Electric and hybrid vehicle sales are persistently increasing in European Union. It was seen that electric and Hybrid vehicles accounted for 43% of new car sales in Q3. The information is according to the data from the European Automobile Manufacturers Association (ACEA).
Fully electric vehicles, and plug-in hybrids made up less than 40% of all sales in the same period last year, the association said. More than one in 10 cars sold, or 11.9% was a fully electric, zero-emission model as sales of such models rose 22% versus the third quarter of 2021. The EU has backed an effective ban on new fossil fuel vehicles from 2035, so eventually, all cars will have to be zero-emission models. National and local governments have been pulling back on subsidies for plug-in hybrids in favor of fully-electric cars. Plug-in hybrid sales fell 6% during the third quarter.
Petrol car sales were down 3.3% but petrol cars remained the most popular in the EU with 37.8% of total sales. Diesel cars accounted for 16.5% of sales after a 4.7% drop year on year. As recently as 2015, diesel vehicles accounted for nearly 52% of EU car sales. But sales have fallen continuously in the wake of Volkswagen’s “DIselgate” emissions cheating scandal.
EU EV sales
More than one in 10 cars sold, or 11.9%, was a fully electric, zero-emission model as sales of these rose 22% compared with the third quarter of 2021. The EU has backed an effective ban on new fossil-fuel vehicles from 2035, so eventually, all cars will have to be zero-emission models. National and local governments have been pulling back on subsidies for plug-in hybrids in favor of fully electric cars. Sales of the former fell 6% during the third quarter.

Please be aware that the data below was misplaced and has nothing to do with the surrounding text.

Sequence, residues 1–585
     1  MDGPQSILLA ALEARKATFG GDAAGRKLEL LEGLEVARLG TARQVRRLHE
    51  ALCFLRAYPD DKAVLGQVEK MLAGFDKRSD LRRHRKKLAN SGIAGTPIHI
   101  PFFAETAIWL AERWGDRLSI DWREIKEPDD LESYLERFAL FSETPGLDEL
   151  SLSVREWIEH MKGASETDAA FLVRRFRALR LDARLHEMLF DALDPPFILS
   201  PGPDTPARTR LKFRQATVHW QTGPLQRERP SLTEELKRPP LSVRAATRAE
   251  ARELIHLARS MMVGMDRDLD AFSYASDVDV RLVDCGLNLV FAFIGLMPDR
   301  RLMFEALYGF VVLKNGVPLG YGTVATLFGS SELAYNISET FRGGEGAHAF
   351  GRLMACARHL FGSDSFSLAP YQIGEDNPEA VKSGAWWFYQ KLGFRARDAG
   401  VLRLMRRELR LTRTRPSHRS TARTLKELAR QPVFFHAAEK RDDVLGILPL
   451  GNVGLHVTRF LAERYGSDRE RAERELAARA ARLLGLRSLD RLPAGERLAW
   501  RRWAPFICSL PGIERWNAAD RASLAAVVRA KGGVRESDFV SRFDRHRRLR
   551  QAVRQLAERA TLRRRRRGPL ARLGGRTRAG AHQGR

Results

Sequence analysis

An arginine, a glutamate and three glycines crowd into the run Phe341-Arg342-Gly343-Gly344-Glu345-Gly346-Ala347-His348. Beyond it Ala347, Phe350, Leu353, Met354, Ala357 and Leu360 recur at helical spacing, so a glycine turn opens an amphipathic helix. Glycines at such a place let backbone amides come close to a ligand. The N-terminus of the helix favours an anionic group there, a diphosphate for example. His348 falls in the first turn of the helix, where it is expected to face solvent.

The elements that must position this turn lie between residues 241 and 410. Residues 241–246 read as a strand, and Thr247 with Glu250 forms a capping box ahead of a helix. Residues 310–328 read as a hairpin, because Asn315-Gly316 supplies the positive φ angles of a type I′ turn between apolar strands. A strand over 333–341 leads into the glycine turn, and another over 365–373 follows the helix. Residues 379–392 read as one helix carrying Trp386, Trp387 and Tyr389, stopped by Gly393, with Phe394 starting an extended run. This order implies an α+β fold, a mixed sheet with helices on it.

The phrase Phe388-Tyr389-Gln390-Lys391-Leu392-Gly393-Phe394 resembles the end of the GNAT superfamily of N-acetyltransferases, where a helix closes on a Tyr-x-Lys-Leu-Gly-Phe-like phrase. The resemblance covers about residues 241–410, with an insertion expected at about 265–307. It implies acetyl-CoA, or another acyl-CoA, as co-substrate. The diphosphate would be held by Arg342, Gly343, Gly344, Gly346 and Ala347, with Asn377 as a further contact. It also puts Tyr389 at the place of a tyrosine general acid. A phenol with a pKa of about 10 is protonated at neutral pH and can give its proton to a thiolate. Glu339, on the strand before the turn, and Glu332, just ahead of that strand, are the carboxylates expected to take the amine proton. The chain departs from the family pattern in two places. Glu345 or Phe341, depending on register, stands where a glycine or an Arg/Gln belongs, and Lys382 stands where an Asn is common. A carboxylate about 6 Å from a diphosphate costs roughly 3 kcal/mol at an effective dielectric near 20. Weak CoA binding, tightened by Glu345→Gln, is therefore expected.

The transport sector is among the largest contributors to EU greenhouse gas emissions. Therefore, reducing transport emissions is key to meeting the EU’s climate neutrality objectives. Electric cars, which include battery electric vehicles (BEVs) and plug-in hybrid electric vehicles (PHEVs), are gradually penetrating the EU market. There has been a steady increase in the number of new electric car registrations annually, from 600 in 2010 to about 1,061,000 units in 2020, when they accounted for 11% of new registrations. In 2021, electric car registrations surged, accounting for almost 18% of newly registered passenger cars.
The mass of a BEV stabilized over the last 4 years to an average of 1,600-1,700kg; while PHEVs are slightly heavier, with an average mass of around 1,900kg. In 2021, the average energy consumption of BEVs and PHEVs were around 166kWh/km and 175 kWh/km, respectively. In electric mode, the two types can travel 371km (BEVs)and 58km (PHEVs), respectively.